October 18 is World Menopause Day

For women dealing with menopause, every day is World Menopause Day. The International Menopause Society (IMS), creator of the holiday, attempts to make it fun by choosing a new theme each year. It’s a little like the prom: full of sweaty, uncomfortable seniors driven crazy by hormones.

world menopause day

“What Comes to Mind: Menopause and the Aging Brain?” is a theme used recently. Is that a trick question to give English majors around the globe a collective hot flash/hissy fit? Does it mean that if it doesn’t come to mind, it’s already too late? Does it mean menopause and aging have nothing to do with each other? IMS has this to say:

During the menopause transition, there may…be modest reductions in aspects of attention, but natural menopause does not appear to lead to persistently poorer memory.

Okay, we’re done here, right?

There’s no definitive list of actions to take to help reduce memory loss but evidence does support some approaches over others. Brain health can be improved through mentally stimulating activities, such as work or leisure.

So, anything we do when we’re awake–got it.

Top 10 prevention tips

Oh no, here we go.

1.Nutrition: an antioxidant-rich Mediterranean diet with olive oil may help
2.Vitamin D and B-Vitamins: may improve brain health alongside other activities
3.Other dietary supplements: Soy isoflavones helping to improve memory
4.Physical activity: brisk walking and other forms of aerobic exercise are linked to a lower dementia risk 5.Mindfulness: Tai chi studies show positive outcomes for improving memory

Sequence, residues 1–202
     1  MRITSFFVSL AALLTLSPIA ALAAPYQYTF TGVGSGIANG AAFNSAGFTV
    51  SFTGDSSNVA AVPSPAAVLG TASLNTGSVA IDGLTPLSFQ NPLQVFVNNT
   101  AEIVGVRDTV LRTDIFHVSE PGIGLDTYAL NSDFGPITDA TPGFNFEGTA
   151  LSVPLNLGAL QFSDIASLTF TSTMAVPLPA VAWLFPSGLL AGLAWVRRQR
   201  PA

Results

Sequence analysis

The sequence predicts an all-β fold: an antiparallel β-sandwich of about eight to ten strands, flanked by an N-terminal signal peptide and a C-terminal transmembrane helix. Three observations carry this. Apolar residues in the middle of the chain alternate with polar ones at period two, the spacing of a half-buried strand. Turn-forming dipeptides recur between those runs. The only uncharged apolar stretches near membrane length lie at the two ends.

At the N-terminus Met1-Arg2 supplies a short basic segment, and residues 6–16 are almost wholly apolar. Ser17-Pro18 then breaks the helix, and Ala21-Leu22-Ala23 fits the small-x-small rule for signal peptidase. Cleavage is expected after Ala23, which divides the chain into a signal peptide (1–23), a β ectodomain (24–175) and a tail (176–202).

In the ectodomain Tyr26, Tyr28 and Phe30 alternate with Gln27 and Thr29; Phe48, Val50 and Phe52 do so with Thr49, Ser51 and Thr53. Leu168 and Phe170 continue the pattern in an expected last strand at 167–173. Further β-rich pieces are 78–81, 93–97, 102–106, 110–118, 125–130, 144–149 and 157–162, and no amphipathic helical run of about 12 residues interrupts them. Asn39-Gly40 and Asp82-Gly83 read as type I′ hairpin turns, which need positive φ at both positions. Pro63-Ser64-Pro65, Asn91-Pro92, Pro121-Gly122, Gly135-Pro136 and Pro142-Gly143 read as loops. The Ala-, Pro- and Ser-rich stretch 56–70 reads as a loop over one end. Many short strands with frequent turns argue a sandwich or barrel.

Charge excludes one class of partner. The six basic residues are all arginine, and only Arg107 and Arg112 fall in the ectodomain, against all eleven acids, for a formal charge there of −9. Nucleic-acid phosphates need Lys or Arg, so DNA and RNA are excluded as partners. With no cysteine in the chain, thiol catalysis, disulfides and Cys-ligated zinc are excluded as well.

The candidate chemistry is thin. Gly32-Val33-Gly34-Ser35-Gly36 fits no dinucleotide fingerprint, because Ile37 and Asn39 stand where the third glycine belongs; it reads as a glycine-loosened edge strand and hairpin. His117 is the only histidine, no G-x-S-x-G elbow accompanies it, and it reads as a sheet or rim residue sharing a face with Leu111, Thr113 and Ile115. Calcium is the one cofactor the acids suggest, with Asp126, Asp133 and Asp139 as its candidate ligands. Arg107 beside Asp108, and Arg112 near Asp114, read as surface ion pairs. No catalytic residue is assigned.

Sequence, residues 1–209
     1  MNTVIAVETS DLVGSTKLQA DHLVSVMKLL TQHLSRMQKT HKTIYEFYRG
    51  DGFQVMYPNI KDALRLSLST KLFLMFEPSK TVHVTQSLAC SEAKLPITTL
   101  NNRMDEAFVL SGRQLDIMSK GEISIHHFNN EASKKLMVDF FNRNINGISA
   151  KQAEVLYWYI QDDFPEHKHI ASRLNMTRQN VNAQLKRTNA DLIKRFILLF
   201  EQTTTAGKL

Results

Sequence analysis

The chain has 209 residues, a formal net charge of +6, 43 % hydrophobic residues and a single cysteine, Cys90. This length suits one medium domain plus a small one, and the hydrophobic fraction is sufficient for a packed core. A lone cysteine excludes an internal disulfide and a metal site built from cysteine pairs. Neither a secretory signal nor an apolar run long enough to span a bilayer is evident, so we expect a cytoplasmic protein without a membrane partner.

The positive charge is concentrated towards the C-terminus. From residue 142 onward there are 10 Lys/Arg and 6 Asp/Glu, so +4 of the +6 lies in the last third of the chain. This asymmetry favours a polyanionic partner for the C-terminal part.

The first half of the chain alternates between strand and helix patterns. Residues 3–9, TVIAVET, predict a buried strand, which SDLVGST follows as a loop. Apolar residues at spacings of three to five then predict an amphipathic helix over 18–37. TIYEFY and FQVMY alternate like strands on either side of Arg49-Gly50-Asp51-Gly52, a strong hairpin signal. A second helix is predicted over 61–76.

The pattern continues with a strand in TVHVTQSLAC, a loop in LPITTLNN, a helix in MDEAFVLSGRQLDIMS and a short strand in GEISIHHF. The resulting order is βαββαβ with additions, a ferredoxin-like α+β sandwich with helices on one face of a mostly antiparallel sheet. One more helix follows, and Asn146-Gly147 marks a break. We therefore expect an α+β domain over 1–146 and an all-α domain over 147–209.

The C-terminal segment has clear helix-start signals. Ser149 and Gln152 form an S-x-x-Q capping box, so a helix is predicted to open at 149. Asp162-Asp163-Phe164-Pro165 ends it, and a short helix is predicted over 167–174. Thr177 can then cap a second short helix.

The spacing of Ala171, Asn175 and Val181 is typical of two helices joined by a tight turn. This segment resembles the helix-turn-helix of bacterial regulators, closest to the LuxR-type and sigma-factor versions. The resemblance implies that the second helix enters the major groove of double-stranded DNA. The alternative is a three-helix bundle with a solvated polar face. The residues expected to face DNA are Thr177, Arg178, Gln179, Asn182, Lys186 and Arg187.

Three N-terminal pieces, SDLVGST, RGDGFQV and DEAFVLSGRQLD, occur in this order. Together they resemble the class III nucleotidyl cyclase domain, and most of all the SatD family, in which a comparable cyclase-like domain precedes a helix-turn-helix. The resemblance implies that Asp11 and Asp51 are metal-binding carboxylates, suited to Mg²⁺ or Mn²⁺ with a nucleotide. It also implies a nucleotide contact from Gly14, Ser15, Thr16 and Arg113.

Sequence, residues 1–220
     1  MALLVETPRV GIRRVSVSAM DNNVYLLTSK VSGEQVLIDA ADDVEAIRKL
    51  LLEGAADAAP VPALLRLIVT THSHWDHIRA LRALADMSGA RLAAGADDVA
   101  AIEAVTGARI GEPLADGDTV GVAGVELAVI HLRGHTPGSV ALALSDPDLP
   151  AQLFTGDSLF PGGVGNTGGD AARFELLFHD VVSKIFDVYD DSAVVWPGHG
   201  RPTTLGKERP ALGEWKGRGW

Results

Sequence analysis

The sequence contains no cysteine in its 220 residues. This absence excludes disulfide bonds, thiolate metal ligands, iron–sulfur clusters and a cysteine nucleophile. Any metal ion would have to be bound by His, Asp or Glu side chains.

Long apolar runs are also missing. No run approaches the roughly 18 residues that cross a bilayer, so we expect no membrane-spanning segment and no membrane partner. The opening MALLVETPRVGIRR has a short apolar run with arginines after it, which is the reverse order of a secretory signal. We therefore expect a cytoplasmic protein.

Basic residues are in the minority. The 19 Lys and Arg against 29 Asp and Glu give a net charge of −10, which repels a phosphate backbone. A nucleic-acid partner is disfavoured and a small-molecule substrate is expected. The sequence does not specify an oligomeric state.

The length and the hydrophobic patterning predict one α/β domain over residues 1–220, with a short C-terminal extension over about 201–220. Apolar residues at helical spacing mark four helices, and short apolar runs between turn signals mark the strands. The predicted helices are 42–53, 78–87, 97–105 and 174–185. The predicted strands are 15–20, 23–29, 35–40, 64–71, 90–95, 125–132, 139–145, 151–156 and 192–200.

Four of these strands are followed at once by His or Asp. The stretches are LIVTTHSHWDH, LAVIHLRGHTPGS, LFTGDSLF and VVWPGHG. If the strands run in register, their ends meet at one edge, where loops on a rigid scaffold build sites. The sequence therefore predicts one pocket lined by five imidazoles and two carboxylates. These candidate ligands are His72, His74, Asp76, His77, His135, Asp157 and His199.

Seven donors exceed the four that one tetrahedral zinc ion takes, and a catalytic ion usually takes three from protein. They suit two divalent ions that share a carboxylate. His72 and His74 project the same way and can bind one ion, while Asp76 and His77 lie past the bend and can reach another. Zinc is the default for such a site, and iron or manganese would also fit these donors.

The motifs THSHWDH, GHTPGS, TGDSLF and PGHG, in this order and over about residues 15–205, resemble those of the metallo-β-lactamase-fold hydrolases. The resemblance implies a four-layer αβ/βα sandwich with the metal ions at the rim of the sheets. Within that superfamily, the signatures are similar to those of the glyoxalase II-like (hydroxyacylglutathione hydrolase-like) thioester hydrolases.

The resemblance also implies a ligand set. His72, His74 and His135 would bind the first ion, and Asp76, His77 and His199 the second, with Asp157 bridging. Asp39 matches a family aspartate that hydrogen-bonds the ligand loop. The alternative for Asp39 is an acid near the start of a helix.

6.Control alcohol consumption: moderating alcohol intake can help maintain brain health
7.Smoking cessation: reducing the intake of toxins can help boost brain health
8.Mental activity: important for boosting brain stimulation
9.Social interaction: engaging, challenging and creative communication
10.MHT: helping to alleviate distressful vasomotor menopausal symptoms

First, let us point out that #3 and #10 involve raising estrogenic activity, which can be a big no-no for anyone at risk of breast cancer. As the site states, its tips do not replace advice from your doctor.

We have a suggestion: why not integrate this holiday with two others taking place today? First, grab a razor, guys, for National No Beard Day, and shave off that chin Brillo. Skin gets delicate after menopause. No one needs the constant exfoliation your whiskers provide. Second, and most important, it’s National Chocolate Cupcake Day. Stress and hormonal changes can cause intense cravings for sugary treats. Buy a baker’s dozen for your menopausal loved ones. Don’t expect to get a cupcake for yourself unless you hide one in your car.

Have a happy World Menopause Day!

Copyright 2016 Worldwide Weird Holidays

September 22 is Hobbit Day

Today is Hobbit Day, the longest-runniHobbit Dayng holiday celebrated by fans of J.R.R. Tolkien’s Middle Earth Cycle books, The Hobbit and Lord Of The Rings. It originated in 1973 after Tolkien’s death on September 2 of that year.

It honors the birthdays of characters Bilbo and Frodo Baggins, which occurred on the same date in 2890 and 2968, respectively. There is some disagreement among readers about the specific date.

The Gregorian calendar would place it on September 14, but Tolkien once stated that the Shire calendar is ahead by about ten days, depending on the month.

In 1978, the official date of the Long Awaited Party was fixed as September 22 by the Tolkien Society, which also happens to fall one day after  was published on September 21, 1937.

It is part of Tolkien Week, observed on the calendar week containing Hobbit Day. Festivities around the globe include feasts, costume parties, reenactments, exchange of gifts and cards and fireworks.

Happy Hobbit Day!

Copyright 2016 Worldwide Weird Holidays


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July 9 is Flitch Day

flitch day

Flitch bearers, 2016

Today is Flitch Day, a custom dating back to 1104 in Little Dunmow, a village in Essex, England.

First, a little background is in order. A flitch is half a pig, cut lengthwise, salted and cured, also known as a full side of bacon. The story goes that a year and a day after their nuptials, Lord Reginald Fitzwater and his wife disguised themselves as peasants and traveled to the local monastery to beg blessings for their happy marriage.